Carl Vasquez: ‘Emporia of the pre-eminent tradesmen’, coloured chalk lithograph, c. 1835

Shopping in the Days of Franz Joseph

How the Habsburgs and Their Subjects Did Their Shopping


Whether you were in the exclusive atmosphere of a retailer of luxury goods or in a department store with the very latest decor, Vienna was a good place to go shopping – at least if you had enough money.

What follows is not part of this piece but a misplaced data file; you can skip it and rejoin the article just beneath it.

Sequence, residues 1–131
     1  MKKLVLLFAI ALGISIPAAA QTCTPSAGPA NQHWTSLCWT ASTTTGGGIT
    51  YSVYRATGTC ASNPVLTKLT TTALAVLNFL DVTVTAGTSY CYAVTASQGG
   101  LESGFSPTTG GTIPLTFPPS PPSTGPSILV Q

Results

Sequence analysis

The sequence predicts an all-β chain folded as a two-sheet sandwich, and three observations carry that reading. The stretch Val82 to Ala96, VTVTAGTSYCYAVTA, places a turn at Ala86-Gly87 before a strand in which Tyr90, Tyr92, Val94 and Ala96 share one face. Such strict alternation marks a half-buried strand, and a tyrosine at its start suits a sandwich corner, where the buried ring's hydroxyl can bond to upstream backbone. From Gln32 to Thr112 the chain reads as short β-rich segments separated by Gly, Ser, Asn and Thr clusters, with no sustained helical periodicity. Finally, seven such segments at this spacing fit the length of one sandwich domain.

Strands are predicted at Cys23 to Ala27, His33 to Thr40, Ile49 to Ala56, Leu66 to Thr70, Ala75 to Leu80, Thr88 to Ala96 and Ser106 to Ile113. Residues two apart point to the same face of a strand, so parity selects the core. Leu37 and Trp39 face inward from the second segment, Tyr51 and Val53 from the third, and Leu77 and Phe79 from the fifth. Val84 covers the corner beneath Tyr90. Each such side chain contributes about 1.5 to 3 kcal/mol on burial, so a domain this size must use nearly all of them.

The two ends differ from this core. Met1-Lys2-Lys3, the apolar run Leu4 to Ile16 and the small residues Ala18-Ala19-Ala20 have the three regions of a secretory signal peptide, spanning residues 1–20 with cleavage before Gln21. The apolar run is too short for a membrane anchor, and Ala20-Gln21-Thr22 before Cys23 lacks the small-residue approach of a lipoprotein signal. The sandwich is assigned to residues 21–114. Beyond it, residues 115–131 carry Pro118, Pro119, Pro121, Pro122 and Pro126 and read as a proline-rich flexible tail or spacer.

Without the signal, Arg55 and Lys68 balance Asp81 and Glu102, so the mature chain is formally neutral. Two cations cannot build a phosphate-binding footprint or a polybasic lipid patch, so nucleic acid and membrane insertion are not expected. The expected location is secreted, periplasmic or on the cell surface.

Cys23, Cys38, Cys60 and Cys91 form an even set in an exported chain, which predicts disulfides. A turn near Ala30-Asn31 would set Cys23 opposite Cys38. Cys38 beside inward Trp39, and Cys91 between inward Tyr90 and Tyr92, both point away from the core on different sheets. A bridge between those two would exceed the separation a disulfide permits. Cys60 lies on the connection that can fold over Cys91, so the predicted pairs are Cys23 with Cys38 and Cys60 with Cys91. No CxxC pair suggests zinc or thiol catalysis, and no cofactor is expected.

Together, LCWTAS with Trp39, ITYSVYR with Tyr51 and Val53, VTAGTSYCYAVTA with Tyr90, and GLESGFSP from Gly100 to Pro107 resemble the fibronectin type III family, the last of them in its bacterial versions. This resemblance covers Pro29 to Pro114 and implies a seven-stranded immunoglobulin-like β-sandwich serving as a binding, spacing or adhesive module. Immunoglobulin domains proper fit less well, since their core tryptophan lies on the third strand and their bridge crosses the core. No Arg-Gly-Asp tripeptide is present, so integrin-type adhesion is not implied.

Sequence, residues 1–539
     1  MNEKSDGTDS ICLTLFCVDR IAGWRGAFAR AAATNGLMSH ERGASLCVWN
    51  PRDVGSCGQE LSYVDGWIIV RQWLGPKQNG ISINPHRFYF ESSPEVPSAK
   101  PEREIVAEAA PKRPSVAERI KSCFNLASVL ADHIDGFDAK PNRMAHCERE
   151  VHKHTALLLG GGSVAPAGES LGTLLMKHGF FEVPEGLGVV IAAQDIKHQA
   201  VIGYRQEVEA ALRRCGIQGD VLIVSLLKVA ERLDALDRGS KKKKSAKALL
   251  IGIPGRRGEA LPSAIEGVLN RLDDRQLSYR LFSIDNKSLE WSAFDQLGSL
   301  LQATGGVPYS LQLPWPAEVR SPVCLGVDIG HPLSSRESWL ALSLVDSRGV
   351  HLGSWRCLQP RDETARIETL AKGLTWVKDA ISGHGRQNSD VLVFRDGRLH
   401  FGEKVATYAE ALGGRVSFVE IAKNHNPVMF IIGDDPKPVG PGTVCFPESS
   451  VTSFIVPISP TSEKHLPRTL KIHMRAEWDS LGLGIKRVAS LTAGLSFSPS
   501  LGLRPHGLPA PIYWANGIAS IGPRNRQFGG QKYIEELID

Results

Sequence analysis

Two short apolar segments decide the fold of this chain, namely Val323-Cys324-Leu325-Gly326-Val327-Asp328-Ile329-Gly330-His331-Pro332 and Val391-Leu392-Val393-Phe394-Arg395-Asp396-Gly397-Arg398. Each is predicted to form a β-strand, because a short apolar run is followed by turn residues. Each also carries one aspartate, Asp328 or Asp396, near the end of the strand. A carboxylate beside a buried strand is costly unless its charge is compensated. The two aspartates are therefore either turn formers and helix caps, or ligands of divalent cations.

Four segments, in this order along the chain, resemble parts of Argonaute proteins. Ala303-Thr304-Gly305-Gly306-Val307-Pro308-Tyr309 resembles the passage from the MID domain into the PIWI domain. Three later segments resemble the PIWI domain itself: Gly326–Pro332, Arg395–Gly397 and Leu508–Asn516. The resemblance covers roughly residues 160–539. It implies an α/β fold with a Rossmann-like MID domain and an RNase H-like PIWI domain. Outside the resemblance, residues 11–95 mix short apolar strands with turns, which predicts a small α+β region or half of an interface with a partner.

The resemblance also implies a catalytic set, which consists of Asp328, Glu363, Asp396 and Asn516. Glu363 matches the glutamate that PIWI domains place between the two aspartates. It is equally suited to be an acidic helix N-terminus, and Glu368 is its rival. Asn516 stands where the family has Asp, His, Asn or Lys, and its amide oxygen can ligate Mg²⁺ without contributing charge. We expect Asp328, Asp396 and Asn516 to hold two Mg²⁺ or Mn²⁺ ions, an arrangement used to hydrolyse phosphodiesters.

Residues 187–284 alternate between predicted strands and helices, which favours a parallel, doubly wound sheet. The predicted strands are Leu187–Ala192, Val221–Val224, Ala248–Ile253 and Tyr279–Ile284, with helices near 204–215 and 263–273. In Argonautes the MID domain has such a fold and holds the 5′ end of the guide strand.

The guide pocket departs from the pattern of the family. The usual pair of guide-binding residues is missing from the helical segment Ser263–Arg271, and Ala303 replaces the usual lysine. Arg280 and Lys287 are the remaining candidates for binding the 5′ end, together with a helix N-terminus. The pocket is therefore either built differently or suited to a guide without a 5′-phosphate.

‘Viennese taste’ was famous, and this meant, for example, luxury items made by craftsmen. Nineteenth-century Vienna can certainly be seen as a ‘city of consumption’. Even then some social classes displayed traits clearly identifiable as those of our modern consumer society: there was a wide range of goods available, and they were advertised; people deliberately went shopping as a form of leisure activity and entertainment, and there were fashions for things you simply had to have. Of course, the possibilities consumers had to buy things varied considerably: while the Court, the aristocracy and the bourgeoisie could make their purchases from retailers who supplied the Court, the lower social classes bought what they needed from (flea) markets and co-operative societies, where goods were cheaper.

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